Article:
Why Biden Wants Germany to Hold Off On Russian Oil Import Ban

The decision by Germany to not immediately end imports of Russian oil — a move that was expected to deliver a critical blow to Putin and the Kremlin over the unprovoked war on Ukraine — came after an urgent request made by the Biden administration.

According to reports, a European official said that the Biden administration has been pushing the German government to delay cutting off Russian oil imports until later, after the U.S. midterm elections.

The White House appears to believe the administration still has a chance to keep the Senate in Democratic hands. If Germany began buying oil from worldwide markets, the prospect of holding on to power could be endangered by a spike in oil prices.

Previously, President Biden signed a law banning all Russian imports of gas, coal, and oil to the U.S.

The president had also been reluctant to approve a total ban fearing the sky-high cost of gasoline would grow. The United States currently only imports 3% of crude oil from Russia.

Annalena Baerbock, German Foreign Minister, recently announced that Germany would discontinue importing half of its oil from Russia by the summer, with the remaining half shot down by the end of the year.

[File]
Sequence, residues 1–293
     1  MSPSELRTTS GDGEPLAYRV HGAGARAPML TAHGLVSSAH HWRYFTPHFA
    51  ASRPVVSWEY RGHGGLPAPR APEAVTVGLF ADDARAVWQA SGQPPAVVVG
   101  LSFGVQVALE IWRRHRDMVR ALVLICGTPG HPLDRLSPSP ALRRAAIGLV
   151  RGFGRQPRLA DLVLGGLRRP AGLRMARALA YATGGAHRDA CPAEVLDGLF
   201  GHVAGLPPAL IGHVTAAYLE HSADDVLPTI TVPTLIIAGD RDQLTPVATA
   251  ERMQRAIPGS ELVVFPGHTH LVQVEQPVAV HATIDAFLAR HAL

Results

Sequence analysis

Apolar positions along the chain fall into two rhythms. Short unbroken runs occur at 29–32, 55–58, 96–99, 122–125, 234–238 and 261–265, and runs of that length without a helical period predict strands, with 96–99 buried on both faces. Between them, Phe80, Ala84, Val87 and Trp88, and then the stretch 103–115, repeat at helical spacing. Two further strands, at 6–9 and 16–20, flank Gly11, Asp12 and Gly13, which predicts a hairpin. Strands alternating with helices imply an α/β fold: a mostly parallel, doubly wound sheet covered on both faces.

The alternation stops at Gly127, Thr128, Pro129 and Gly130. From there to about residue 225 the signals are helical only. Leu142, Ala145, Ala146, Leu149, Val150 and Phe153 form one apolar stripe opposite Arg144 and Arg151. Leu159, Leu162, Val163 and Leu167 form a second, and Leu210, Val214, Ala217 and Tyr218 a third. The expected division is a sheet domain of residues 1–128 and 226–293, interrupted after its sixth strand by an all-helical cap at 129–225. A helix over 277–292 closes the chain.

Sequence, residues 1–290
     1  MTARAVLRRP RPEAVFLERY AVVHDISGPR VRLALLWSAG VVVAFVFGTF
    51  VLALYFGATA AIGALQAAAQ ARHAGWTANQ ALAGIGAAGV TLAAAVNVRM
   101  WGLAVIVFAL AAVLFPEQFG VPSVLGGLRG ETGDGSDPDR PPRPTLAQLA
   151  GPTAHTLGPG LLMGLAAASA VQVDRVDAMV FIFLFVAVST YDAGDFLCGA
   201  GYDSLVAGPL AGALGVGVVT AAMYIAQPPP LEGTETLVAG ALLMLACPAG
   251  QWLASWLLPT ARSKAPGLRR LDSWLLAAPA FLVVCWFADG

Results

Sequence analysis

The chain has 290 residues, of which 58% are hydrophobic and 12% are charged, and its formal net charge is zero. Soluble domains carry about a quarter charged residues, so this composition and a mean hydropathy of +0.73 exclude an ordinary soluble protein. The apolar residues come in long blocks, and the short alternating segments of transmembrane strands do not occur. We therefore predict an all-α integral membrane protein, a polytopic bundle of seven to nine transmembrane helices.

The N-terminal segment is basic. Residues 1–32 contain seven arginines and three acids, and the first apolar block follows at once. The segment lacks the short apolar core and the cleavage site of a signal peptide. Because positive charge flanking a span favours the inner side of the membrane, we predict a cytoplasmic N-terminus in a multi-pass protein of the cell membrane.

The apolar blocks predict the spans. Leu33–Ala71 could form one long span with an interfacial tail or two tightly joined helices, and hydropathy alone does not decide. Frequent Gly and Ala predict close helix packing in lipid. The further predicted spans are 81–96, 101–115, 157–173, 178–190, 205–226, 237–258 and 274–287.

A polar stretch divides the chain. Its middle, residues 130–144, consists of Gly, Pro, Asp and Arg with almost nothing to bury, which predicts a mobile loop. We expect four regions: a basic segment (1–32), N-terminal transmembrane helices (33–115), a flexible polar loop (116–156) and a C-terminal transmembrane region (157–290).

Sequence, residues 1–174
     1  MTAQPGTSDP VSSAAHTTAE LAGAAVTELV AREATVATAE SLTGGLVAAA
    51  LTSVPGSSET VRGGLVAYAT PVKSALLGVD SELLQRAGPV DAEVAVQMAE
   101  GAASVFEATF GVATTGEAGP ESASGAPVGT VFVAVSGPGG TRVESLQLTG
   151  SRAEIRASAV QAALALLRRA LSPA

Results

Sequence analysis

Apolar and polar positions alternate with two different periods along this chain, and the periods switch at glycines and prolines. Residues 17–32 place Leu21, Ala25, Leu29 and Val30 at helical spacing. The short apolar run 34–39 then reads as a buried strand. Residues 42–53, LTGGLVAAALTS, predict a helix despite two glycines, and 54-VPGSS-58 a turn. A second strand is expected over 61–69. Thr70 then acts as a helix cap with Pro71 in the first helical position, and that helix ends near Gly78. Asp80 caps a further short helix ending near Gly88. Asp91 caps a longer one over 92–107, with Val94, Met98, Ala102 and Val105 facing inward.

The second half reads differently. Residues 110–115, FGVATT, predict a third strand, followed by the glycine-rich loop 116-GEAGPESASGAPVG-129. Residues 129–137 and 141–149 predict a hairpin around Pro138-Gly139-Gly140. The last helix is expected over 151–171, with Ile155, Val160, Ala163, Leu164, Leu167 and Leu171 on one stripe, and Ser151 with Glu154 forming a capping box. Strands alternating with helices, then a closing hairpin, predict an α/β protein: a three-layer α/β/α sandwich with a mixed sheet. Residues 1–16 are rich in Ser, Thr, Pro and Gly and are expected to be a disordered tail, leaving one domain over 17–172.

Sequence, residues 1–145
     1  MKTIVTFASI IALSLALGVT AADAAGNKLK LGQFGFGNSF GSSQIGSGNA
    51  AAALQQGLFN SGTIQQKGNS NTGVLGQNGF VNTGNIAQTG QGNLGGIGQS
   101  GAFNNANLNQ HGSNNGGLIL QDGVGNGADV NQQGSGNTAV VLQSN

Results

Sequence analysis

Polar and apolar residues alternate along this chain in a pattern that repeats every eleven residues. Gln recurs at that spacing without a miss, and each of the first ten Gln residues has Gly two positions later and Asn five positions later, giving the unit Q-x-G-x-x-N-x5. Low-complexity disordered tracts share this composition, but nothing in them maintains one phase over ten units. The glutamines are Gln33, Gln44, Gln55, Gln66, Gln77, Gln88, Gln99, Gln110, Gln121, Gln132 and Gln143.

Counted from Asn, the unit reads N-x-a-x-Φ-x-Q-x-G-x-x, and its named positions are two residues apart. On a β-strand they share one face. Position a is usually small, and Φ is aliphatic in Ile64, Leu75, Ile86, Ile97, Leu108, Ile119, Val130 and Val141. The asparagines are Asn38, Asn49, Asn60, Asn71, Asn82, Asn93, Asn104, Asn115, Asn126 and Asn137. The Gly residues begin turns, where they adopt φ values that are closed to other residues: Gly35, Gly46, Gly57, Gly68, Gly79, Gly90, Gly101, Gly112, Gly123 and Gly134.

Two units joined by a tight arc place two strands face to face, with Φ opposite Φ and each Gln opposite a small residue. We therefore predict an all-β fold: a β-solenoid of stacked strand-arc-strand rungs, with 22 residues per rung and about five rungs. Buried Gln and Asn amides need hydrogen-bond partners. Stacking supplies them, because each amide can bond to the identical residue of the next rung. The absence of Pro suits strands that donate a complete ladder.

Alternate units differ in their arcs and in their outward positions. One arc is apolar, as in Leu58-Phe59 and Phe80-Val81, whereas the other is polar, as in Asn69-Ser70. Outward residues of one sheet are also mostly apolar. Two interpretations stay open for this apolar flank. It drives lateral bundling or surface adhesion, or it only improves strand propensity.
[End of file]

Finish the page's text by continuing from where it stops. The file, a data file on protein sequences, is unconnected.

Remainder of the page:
However, Germany’s Finance Minister Christian Lindner said that Baerbock’s comments don’t suggest a quick cut-off of Russian oil will happen any time soon.

Ukraine’s plea

Ukraine has pled with the nations of Europe to stop imports of Russian oil immediately and put pressure on Russia to stop the unprovoked war on Ukraine.

Ukrainian President Volodymyr Zelenskyy has called for EU oil purchases to be halted, calling them “blood money.” While war atrocities continue, the EU pays Russia around 41 billion per day for gas and oil purchases.

Recently, Oleg Ustenko, Zelenskyy’s economic advisor, lashed out against other EU member nations, especially Germany, for delaying an oil embargo on Russia.

“Imagine how many missiles and bombs you can buy for that kind of money,” Zelenskyy told Britain’s Guardian.

“…They do not understand that by supplying this money to Putin, they are funding his military machine. If Russians commit war crimes, even genocide, whoever is supplying Russia with this bloody money is guilty of the same war crime.”

EU balks at banning Russian oil

EU nations have shown reluctance to ban Russian energy. Poland took the lead in banning imports of Russian coal by May, with plans drawn to stop all gas and oil imports by the end of the year.

After Baerbock announced an impending ban, economic institutes and German unions warn that abruptly stopping imports of Russian oil may spark a severe recession.

Oil experts predict oil prices will rise if Germany does cut off the Russian supply. The Biden administration fears a rise in gas prices could threaten election odds of Democrat candidates if it happens before election day.

The International Energy Agency estimates nearly half of Russia’s petroleum and crude product exports wind up in Europe.

That amounts to 1.2 million barrels per day of petroleum products and 2.2 million barrels of crude oil per day. Germany is the top purchaser of Russian crude, buying 34% of its total petroleum imports from Russia.

If the EU moves quickly to ban Russian oil imports, global oil prices are also expected to increase.